About the Book

Traditional economics is built on the assumption of self-interested individuals seeking to maximize personal gain. This is far from the whole story, however: sharing, caring and a desire to uphold the collective good are also powerful individual motives. In a world wracked by inequality, social divisions, and ecological destruction, can we build an alternative economics based on our mutual co-operation? In this book Chris Benner and Manuel Pastor invite us to imagine and create a new sort of solidarity economics – an approach grounded in our instincts for connection and community – and in so doing, actually build a more robust, sustainable, and equitable economy. They argue that our current economy is already deeply dependent on mutuality, but that the inequality and fragmentation created by the status quo undermines this mutuality and with it our economic wellbeing. They outline the theoretical framing, policy agenda, and social movements we need to revive solidarity and apply it to whole societies. Solidarity Economics is an essential read for anyone who longs for an economy that can generate prosperity, provide for all, and preserve the planet. Click here to obtain a free e-version For a print version, support independent bookstores: Reparations Club and Bookshop Santa Cruz 


Solidarity Economics should upend the way that economics is taught in schools and practiced in the halls of power. It offers a way out of the zero sum, drained-pool politics of neoliberalism at a crucial time. Solidarity Economics is going to be a classic of our current era.
Heather McGhee

author of The Sum of Us

‘We got us’ was the powerful refrain heard throughout the Black and Brown communities hit hardest by the COVID-19 crisis. Behind this pithy motto were countless mutual aid networks providing supplies, care, and cash for families left reeling from the pandemic. It’s against the backdrop of these inspiring acts of solidarity that Drs. Pastor and Benner put forth their vision for a caring American economy built on mutuality and driven by the social movements that have delivered for our people time and again. Indeed, as we reckon with the moral failings of neoliberalism, Solidarity Economics challenges us to center the unique potential of collectivities in shaping our economic future — one that delivers for us all, not just the wealthiest among us.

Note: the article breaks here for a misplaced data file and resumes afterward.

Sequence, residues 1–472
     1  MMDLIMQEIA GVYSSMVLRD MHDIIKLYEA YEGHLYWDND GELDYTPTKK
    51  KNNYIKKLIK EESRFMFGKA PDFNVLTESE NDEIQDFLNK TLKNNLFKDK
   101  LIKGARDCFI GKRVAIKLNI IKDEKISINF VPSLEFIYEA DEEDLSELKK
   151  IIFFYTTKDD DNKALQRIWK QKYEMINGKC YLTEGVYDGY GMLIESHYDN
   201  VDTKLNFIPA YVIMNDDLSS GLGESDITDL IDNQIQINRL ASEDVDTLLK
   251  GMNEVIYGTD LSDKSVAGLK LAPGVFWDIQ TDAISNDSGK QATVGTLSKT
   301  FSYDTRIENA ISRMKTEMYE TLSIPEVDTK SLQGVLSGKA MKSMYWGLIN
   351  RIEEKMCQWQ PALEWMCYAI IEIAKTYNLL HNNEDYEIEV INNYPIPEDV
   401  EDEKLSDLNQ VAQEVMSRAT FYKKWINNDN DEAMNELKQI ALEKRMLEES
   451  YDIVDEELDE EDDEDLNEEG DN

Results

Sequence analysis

Dorian Warren

co-President of Community Change , co-chair of the Economic Security Project

Economics makes us forget that solidarity is the glue that holds society together, and the force that can be harnessed for social progress. Solidarity Economics is a fascinating and much needed book to think bigger and act boldly.
Emmanuel Saez

Professor of Economics, the University of California Berkeley

There has never been a more critical moment to shift away from an economic approach that benefits the few to one prioritizing the greater good. We have been sold a false bill of goods over the last four decades of American policy that you cannot have a thriving economy and shared prosperity. With its focus on how we all do better when we all do better, Solidarity Economics: Why Mutuality and Movements Matter, not only smashes that myth –but provides an essential framework for how we finally reimagine and restructure an economy that works for all.”
Anne Price

President, Insight Center for Community Change

In this brilliant and superbly readable book, Benner and Pastor take clear-eyed aim at the conventional wisdom about the foundations of economic well-being, and blow it out of the water. If you, too,  believe that another world is possible – and necessary – this book is for you.
James K. Boyce

Professor Emeritus of Economics, University of Massachusetts Amherst

In this powerful blueprint for an equitable future, Manuel Pastor and Chris Benner provide a bold critique of conventional wisdom about who owns the economy. They challenge us to radically imagine how we can design OUR economy to be fully inclusive and guided by the principles of mutuality and solidarity, ensuring that we put people first.
Angela Glover Blackwell

Founder in Residence, PolicyLink, host, Radical Imagination podcast